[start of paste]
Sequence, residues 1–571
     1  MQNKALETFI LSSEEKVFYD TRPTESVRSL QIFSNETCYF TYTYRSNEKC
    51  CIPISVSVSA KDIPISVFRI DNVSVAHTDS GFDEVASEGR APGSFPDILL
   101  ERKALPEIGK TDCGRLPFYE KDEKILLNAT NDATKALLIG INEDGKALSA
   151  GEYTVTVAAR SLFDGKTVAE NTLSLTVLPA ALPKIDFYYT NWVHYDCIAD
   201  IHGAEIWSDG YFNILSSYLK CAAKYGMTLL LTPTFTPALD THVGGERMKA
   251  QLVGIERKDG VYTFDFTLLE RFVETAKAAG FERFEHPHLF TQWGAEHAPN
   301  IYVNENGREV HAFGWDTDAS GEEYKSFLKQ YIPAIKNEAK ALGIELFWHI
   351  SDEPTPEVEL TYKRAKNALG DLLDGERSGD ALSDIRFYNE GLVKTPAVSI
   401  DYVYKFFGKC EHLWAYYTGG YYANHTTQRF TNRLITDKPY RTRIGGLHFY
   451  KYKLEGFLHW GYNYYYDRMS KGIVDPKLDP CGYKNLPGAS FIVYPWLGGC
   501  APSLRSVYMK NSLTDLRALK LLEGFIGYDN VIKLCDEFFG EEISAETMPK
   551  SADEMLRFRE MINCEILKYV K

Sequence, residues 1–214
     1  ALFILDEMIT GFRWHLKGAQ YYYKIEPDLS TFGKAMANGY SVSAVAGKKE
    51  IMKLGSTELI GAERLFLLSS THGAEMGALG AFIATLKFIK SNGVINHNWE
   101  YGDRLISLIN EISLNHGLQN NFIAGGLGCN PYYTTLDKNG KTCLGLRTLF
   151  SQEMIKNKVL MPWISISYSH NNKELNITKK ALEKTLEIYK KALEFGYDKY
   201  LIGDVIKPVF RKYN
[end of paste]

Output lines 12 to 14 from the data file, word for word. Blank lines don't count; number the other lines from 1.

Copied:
   501  APSLRSVYMK NSLTDLRALK LLEGFIGYDN VIKLCDEFFG EEISAETMPK
   551  SADEMLRFRE MINCEILKYV K

Sequence, residues 1–214